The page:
"This tale is no different. The Sunspar Queen made a mistake. It was a simple one, really. Her magic was new, her knowledge of the worlds beyond this one even newer. How could she know what sort of creatures dwelled in the Churning Depths?"
The old man looking grimly at the younger historian, "How could she know that the very waters of the Churnings Depths were alive?
"But some of those waters were alive, my friend. And over the years the living water, the Seastarks, had traveled the Churning Depths to the doorway and they had waited, growing in number, for the doorway to open again.
"I suppose we would call them water dragons now, but the Seastarks are literally water, Darvus. So, when the Queen opened the door again, they came pouring through. At first, no one realized anything was wrong; a wave of water rushed through the portal as always. But when that terrible wave of water took to the sky, they knew something had happened. Even still, no one was prepared for what was to come.
"These were not the noble wyrms of you northerners: They came to destroy and to revel in the terror they inflicted before finally descending on their prey to gorge. They were a flood, a rising tide that crested in a terrible wave as it scoured its way down the valley. In their depths, the corpses of those already eaten slowly dissolved away.
"Soon everything downriver was deluged. The Sunspar queen had closed the door, but those that had already come through were not yet done with her nation state. This was no mere flood of water, but a black wave of dragons that stalked the land and, having destroyed all that had lain before them, they turned back to raze the city itself. But, the legend goes, the Sunspar queen was ready."
Fharl pointed to another set of marks in the rock.
"This seems to echo the legend. She stood at the portal, clad in armor of stone, ready for the Seastarks' return. She carried no weapon save her magic and no protection but that armor, yet she stood resolute before them. With a word, she bound them in place, but that is when the battle began in earnest. A test of wills. One by one she entered their minds and with the right spells and words, bound each to her cause, all but one."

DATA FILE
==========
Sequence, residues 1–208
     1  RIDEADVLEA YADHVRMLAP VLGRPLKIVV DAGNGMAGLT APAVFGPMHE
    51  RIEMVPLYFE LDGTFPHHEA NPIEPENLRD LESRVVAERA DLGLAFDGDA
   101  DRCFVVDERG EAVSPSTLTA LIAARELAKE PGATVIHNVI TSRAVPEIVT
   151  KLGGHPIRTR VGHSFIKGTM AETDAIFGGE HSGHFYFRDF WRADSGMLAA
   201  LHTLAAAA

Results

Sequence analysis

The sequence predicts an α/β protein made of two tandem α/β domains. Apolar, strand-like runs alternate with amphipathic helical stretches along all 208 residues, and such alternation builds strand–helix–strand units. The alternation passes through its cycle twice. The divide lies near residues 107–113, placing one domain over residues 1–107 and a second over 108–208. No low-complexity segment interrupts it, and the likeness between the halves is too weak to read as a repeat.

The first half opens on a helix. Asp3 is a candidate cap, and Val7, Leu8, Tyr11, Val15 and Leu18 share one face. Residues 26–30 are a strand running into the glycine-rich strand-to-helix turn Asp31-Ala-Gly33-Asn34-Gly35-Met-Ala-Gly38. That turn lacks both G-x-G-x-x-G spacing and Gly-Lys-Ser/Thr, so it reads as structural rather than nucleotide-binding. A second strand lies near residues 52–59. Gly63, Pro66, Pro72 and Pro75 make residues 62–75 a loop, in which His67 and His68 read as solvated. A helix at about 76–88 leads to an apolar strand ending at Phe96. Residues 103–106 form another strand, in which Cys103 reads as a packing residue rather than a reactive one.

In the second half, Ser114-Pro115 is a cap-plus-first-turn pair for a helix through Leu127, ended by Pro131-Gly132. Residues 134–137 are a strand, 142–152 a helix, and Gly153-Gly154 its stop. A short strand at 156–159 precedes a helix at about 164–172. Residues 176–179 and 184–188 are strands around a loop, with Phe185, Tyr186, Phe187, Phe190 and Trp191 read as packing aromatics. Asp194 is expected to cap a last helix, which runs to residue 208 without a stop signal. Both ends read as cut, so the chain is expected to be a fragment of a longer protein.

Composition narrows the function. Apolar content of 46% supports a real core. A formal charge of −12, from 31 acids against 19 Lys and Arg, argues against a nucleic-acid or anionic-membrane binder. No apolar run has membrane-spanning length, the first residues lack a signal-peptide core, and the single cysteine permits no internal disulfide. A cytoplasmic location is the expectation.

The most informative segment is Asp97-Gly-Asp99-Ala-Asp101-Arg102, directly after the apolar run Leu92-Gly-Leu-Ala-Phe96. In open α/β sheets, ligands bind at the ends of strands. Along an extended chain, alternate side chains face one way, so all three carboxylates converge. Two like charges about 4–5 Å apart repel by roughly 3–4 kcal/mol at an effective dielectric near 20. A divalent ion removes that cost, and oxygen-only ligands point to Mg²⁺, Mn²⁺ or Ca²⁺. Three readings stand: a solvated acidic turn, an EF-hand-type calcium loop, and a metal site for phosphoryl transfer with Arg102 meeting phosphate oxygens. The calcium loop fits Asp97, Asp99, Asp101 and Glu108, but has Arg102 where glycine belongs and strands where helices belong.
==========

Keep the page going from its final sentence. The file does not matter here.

Fharl shook his head dismissively, "The Sunspar queen was the god of my people in a very real way, Darvus. She brought peace, but always on her terms. Stories such as these are meant to teach us that strong will seldom comes paired with wisdom. Strength of will can cast a long shadow over truth, smothering its light."
He stood up and brushed the sand from his robes. As he did, Darvus got a close look at the embroidery of Fharl's robes. The script of those robes did resemble the writings on the stone marker. He opened his mouth to speak, but Fharl simply spoke over him, continuing his lecture.
"This dragon escaping is an example of this. In her confidence, she had assumed her magic would hold and had not counted the minds she had bent to her will. She simply dominated the thoughts of each one in turn, sending them through the portal to return to the Churning Depths. Her confidence made her blind to its escape and only her armor saved her from the battle to come.
"With the portal sealed, the great queen returned to her people and set to repairing the damage she had accidently wrought. The armor kept her strong, and so the work of clearing the shattered homes and broken walls was easier for her than it was even for her strongest warriors, but as the day wore on, even she felt the burn of fatigue in her bones."
Fharl looked up to the skies once again, "It attacked her as she came to the water's edge. It had been waiting there, just on the surface and completely unseen, waiting for the woman to let her guard down and as she bent to gather water to drink, the moment came.
"The beast shot forward, forming great spheres of water to smash against her, driving her into the mud. The beast shot to the sky and became fluid water again, smashing down on the woman and instantly flooding the broad shores of the river.
"All around the Sunspar queen was water and mud, but her armor - the armor of magical stone - provided air to breathe and prevented the mud from crushing her. It infuriated the Seastark. The beast roared as it thrashed against her, coiling around her to crush the life from her, but that armor was unyielding. The beast took to the skies once more, this time with the Sunspar queen between its jaws and with one final scream, the beast swallowed her whole as it flew into the clouds. They say that it rained then; rained for days.
"Already damaged, the city was nearly ruined by the rains. There was no sun for the span of the tall grass harvest, only rain and thunder. Their queen's magic was no longer there to protect them, but she had taught her people well and they came together to save the city."